The large and complex installation Cosmic Concert by Tomás Saraceno, where sound, vibrations and visual signals intersect with each other and with the movements of visitors, takes in the entire exhibition which explores three key concepts closely related to one another: Space-time, Confines, Crisis.
Cosmic Concert is a constellation of works that attempts to give concrete form to the invisible structure of relationships making up the universe. Within a dimly lit space, along with objects that explore the history of cosmic visions from antiquity to the present, the works of Saraceno give life to a new symphony, a sonic and visual journey through which we may intuit the interconnections between the universe, the human species, all living things and the matter that surrounds us. Echoes of the Arachnid Orchestra with Cosmic Dust uses audio and video technologies to render visible the interactions of the public with the cosmic dust in which we are constantly immersed, while at the centre of the work, a spider, the Nephila Senegalensis weaves its web amplified via microphones capable of capturing its labours. Social Supernova Catcher, realised with a type of interferometer modified by the artist, renders visible the vibrations generated by the spider on its web and the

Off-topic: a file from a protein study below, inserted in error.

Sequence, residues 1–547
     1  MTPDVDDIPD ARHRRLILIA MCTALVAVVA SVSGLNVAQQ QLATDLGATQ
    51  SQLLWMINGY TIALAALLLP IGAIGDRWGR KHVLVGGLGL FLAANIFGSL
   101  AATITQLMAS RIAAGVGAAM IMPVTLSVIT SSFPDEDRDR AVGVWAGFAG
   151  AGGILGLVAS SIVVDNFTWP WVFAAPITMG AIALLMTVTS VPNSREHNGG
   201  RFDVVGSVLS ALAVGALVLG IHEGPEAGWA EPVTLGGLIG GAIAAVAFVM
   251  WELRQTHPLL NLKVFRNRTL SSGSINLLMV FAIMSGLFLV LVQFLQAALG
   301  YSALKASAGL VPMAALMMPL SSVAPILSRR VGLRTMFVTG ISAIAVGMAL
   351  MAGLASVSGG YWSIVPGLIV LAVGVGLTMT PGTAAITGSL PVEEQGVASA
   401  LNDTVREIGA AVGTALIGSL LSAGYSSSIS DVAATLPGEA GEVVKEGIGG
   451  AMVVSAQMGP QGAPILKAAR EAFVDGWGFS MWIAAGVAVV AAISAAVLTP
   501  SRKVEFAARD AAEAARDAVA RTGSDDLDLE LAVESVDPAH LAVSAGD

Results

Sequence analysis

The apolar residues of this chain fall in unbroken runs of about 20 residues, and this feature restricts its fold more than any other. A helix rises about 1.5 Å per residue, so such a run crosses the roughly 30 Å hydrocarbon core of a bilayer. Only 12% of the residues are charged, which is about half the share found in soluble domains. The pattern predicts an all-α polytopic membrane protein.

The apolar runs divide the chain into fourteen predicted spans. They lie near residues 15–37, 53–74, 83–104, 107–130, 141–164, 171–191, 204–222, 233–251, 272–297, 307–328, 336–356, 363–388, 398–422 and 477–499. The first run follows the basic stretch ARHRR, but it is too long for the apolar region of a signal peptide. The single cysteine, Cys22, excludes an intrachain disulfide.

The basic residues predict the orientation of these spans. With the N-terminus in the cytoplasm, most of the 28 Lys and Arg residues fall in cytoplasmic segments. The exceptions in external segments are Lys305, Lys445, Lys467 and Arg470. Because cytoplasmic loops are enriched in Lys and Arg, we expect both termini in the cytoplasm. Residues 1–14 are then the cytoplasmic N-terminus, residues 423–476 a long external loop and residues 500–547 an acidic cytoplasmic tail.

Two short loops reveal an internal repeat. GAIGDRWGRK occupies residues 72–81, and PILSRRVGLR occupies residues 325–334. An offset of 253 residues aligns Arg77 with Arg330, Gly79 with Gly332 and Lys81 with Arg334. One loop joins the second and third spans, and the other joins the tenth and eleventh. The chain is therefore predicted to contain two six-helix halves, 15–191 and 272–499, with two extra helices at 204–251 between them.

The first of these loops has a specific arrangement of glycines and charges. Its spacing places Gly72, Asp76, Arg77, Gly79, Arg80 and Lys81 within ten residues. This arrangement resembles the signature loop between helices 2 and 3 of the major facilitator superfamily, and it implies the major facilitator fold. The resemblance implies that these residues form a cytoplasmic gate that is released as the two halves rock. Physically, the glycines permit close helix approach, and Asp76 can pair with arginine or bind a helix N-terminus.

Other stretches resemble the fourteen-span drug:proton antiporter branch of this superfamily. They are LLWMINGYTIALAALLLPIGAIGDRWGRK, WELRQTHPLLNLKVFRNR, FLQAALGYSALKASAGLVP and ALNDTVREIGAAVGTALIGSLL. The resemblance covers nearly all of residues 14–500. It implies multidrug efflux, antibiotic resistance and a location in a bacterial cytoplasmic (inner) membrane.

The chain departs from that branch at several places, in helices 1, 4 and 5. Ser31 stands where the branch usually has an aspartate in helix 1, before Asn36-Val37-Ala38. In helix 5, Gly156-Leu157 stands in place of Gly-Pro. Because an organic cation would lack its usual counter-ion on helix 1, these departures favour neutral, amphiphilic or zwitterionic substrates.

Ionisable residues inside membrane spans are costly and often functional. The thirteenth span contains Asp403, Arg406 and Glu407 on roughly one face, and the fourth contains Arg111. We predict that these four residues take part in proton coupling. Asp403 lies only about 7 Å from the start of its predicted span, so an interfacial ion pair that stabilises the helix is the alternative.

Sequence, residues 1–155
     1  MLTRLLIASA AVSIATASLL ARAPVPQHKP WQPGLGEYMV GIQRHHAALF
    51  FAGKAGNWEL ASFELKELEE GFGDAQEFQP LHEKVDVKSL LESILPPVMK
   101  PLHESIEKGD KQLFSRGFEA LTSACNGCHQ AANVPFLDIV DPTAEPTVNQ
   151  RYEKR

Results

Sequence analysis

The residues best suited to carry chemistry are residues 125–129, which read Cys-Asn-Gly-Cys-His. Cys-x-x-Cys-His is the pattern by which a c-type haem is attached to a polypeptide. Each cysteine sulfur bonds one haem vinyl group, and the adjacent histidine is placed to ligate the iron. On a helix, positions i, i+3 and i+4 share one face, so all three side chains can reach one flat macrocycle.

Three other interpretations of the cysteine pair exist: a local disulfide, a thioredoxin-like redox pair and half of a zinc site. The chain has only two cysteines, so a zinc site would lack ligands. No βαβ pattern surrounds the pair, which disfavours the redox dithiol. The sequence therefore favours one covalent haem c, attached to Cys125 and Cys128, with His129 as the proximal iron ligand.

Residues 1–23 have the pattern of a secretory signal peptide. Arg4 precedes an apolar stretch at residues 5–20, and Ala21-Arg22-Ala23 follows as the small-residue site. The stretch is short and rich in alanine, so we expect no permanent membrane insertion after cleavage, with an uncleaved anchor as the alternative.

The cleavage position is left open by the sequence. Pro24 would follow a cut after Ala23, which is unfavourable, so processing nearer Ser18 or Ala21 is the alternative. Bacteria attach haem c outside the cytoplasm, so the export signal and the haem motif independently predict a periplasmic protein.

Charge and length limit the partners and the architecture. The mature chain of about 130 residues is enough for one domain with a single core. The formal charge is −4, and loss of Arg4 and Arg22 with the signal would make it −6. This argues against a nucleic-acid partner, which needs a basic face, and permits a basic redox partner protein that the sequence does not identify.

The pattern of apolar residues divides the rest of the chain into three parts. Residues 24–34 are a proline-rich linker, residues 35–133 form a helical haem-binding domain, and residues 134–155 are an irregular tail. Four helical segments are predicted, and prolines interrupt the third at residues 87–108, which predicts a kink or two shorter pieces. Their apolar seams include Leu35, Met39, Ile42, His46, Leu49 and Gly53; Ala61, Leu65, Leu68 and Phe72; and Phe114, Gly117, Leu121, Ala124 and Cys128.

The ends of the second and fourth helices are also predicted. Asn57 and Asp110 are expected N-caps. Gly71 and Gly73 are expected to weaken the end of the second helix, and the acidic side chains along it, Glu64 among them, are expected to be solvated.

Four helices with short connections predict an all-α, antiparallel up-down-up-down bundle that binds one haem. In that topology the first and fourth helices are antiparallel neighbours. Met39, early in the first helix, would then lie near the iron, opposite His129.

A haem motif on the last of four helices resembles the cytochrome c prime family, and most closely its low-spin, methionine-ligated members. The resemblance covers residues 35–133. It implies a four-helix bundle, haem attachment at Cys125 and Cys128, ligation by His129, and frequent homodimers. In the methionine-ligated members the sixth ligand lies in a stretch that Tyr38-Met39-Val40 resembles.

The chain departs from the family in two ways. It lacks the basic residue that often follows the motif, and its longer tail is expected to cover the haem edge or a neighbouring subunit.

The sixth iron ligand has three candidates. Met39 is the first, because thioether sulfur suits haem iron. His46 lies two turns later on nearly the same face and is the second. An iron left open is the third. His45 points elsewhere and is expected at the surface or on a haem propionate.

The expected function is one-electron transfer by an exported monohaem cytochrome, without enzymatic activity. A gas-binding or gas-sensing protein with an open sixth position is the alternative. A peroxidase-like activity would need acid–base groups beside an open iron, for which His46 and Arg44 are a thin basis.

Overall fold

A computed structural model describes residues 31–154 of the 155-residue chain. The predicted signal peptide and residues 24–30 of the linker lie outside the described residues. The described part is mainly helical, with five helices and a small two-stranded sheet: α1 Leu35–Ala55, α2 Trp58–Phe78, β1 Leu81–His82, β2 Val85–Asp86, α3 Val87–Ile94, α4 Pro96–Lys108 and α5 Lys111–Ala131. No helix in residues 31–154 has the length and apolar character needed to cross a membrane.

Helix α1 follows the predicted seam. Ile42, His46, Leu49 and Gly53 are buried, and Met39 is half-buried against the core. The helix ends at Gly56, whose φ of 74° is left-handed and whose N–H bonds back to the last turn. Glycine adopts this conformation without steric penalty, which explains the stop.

visitors in the hall. KM3Net, realised in collaboration with the INFN, reveals the filtered sounds of the deeps captured by the KM3 submarine telescope located at a depth of 3,500 metres off Capo Passero in Sicily, while the video 163,000 Light Years presents us with an image of the Large Magellanic Cloud, the galaxy 163,000 light years from the earth and the setting of violent phenomena that occurred millions of years ago, filmed in the Salar de Uyuni (Bolivia), the world’s largest salt desert.